• Age distribution > Population aged 5-14 > Total per thousand people: Number of people aged 5-14. Figures expressed per thousand people for the same year.
  • Future population change per thousand people: Total change in population by country. Future estimates are from the UN Population Division. Figures expressed per thousand people for the same year.
  • Age distribution > Population aged 0-4 > Total per thousand people: Number of people aged 0-4. Figures expressed per thousand people for the same year.
  • Age distribution > Population aged 15-64 > Total per thousand people: Number of people aged 15-64. Figures expressed per thousand people for the same year.
  • Total population > Age 15-19 per 1000: Total population - Age 15-19, as of April 26, 2005. Figures expressed per thousand population for the same year.
  • Female population > Age 15-19: Female population - Age 15-19, as of April 26, 2005
  • Total population > Age 25-29: Total population - Age 25-29, as of April 26, 2005
  • Female population > Age 10-14: Female population - Age 10-14, as of April 26, 2005
  • Total Population > Thousands: Total Population, thousands, as of April 26, 2005
  • International migrant stock, total: International migrant stock, total. International migrant stock is the number of people born in a country other than that in which they live. It also includes refugees. The data used to estimate the international migrant stock at a particular time are obtained mainly from population censuses. The estimates are derived from the data on foreign-born population--people who have residence in one country but were born in another country. When data on the foreign-born population are not available, data on foreign population--that is, people who are citizens of a country other than the country in which they reside--are used as estimates. After the breakup of the Soviet Union in 1991 people living in one of the newly independent countries who were born in another were classified as international migrants. Estimates of migrant stock in the newly independent states from 1990 on are based on the 1989 census of the Soviet Union. For countries with information on the international migrant stock for at least two points in time, interpolation or extrapolation was used to estimate the international migrant stock on July 1 of the reference years. For countries with only one observation, estimates for the reference years were derived using rates of change in the migrant stock in the years preceding or following the single observation available. A model was used to estimate migrants for countries that had no data.
  • Rural population per 1000: Rural population is calculated as the difference between the total population and the urban population. Figures expressed per thousand population for the same year.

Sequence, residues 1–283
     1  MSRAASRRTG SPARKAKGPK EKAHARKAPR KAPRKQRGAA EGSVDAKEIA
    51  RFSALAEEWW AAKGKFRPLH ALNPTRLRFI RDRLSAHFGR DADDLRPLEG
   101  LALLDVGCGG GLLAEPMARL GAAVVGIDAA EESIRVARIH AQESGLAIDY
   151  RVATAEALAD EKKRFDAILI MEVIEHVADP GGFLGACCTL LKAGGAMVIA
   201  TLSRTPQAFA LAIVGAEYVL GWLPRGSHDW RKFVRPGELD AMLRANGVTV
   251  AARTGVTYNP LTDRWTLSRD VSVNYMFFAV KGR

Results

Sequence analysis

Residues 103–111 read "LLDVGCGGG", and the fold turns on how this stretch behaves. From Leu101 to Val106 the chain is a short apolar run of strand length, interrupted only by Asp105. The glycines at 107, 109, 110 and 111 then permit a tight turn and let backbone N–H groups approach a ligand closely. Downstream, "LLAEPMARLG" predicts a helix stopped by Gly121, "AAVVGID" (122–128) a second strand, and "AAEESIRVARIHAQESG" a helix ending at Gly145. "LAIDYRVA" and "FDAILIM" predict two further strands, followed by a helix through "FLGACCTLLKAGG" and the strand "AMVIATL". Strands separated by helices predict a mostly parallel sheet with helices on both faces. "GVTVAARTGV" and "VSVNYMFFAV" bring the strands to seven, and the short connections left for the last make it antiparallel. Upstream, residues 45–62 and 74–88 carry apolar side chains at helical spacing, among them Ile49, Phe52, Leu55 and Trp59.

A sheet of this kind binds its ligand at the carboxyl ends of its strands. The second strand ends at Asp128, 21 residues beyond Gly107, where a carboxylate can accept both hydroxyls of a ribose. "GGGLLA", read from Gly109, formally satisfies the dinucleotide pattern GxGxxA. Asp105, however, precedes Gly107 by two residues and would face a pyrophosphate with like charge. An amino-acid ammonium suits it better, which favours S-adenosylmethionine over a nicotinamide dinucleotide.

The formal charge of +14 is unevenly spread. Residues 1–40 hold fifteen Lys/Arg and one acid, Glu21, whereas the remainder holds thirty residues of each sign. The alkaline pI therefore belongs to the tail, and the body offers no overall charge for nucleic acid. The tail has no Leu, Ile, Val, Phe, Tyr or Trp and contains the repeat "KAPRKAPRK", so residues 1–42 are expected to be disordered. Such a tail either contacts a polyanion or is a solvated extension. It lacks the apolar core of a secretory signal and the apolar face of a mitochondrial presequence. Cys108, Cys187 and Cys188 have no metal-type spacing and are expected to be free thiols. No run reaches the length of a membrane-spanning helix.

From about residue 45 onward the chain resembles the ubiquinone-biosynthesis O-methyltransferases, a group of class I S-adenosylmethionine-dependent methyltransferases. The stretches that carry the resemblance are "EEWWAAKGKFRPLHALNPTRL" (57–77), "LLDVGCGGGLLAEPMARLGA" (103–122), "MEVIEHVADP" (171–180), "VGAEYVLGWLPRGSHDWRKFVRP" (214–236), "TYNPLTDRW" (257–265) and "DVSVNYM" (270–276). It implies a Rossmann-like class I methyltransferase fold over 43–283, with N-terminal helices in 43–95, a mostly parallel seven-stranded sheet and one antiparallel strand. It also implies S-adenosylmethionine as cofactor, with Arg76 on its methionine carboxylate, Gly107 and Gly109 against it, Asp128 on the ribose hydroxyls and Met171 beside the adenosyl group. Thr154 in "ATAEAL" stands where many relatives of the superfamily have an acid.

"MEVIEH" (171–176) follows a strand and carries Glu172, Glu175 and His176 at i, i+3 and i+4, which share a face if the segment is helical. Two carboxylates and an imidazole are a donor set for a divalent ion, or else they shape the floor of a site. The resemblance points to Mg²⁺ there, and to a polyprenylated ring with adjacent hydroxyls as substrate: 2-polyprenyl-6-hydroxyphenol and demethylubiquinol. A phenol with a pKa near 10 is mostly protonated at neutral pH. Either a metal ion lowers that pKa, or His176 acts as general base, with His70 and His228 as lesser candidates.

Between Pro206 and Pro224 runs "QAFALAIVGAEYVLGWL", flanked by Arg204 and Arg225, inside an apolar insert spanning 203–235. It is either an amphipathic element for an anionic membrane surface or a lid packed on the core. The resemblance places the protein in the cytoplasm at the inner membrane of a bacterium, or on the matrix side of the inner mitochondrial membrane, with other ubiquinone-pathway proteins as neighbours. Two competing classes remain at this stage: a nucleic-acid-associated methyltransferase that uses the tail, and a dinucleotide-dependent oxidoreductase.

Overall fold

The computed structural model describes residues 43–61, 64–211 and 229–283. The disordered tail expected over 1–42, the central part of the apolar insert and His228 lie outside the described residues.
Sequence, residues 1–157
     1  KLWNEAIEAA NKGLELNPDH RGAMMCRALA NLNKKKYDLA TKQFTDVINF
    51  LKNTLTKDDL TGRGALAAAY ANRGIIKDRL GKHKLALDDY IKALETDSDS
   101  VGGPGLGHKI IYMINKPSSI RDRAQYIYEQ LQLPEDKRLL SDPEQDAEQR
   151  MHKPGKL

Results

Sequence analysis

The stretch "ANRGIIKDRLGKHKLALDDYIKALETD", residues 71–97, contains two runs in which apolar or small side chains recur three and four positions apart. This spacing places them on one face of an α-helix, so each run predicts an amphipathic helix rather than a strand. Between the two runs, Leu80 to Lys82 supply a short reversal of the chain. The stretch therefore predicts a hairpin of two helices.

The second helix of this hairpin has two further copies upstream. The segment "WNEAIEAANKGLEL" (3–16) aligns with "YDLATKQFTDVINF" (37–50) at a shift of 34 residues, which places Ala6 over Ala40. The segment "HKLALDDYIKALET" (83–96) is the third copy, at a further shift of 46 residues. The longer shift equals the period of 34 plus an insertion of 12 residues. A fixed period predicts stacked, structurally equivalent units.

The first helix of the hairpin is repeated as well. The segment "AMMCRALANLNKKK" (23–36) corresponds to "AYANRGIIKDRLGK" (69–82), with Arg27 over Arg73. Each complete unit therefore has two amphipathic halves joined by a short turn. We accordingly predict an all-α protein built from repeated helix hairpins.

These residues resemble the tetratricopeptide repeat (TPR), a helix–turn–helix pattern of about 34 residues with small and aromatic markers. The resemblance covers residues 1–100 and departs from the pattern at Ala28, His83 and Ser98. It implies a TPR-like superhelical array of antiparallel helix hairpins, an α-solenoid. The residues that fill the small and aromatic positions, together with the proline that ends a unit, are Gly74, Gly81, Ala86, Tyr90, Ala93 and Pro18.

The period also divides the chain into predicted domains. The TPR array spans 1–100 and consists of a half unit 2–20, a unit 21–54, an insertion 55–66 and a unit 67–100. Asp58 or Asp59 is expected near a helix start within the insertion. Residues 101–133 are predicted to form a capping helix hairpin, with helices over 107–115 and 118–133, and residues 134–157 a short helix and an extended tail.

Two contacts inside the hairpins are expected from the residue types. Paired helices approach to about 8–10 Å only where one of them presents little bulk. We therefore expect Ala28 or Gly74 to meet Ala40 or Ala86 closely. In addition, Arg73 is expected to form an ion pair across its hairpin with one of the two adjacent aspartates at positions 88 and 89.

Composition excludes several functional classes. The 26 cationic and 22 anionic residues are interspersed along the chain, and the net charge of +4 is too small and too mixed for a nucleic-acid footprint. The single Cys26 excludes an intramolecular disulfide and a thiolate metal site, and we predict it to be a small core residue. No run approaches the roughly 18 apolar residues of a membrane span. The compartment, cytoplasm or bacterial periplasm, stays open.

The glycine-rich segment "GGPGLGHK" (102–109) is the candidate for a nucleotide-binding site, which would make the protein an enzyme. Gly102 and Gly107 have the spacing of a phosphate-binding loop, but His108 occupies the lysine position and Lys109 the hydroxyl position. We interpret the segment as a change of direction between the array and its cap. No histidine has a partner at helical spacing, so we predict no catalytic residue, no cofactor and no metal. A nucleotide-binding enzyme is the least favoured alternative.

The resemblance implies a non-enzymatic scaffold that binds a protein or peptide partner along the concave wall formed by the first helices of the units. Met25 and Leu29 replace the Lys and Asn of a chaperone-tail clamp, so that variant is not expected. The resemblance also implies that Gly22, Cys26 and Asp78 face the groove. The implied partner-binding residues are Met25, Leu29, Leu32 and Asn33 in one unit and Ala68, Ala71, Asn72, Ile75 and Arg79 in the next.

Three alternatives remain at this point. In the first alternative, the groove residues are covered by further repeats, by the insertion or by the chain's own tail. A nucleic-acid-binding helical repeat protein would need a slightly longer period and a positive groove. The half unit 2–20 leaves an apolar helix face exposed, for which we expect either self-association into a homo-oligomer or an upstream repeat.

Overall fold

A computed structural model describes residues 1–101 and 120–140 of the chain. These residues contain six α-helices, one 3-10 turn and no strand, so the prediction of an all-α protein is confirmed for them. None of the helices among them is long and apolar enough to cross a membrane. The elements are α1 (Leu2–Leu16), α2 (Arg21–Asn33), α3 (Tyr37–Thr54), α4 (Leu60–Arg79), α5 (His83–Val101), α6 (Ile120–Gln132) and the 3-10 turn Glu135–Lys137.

• Female population > Age 35-39 per 1000: Female population - Age 35-39, as of April 26, 2005. Figures expressed per thousand population for the same year.
  • Male population > Age 10-14: Male population - Age 10-14, as of April 26, 2005
  • Age structure > 65 years and over > Males per 1000: This entry provides the distribution of the population according to age. Information is included by sex and age group (0-14 years, 15-64 years, 65 years and over). The age structure of a population affects a nation's key socioeconomic issues. Countries with young populations (high percentage under age 15) need to invest more in schools, while countries with older populations (high percentage ages 65 and over) need to invest more in the health sector. The age structure can also be used to help predict potential political issues. For example, the rapid growth of a young adult population unable to find employment can lead to unrest. Figures expressed per thousand population for the same year.
  • Age structure > 15-64 years > Males per 1000: This entry provides the distribution of the population according to age. Information is included by sex and age group (0-14 years, 15-64 years, 65 years and over). The age structure of a population affects a nation's key socioeconomic issues. Countries with young populations (high percentage under age 15) need to invest more in schools, while countries with older populations (high percentage ages 65 and over) need to invest more in the health sector. The age structure can also be used to help predict potential political issues. For example, the rapid growth of a young adult population unable to find employment can lead to unrest. Figures expressed per thousand population for the same year.
  • Age structure > 0-14 years > Males per 1000: This entry provides the distribution of the population according to age. Information is included by sex and age group (0-14 years, 15-64 years, 65 years and over). The age structure of a population affects a nation's key socioeconomic issues. Countries with young populations (high percentage under age 15) need to invest more in schools, while countries with older populations (high percentage ages 65 and over) need to invest more in the health sector. The age structure can also be used to help predict potential political issues. For example, the rapid growth of a young adult population unable to find employment can lead to unrest. Figures expressed per thousand population for the same year.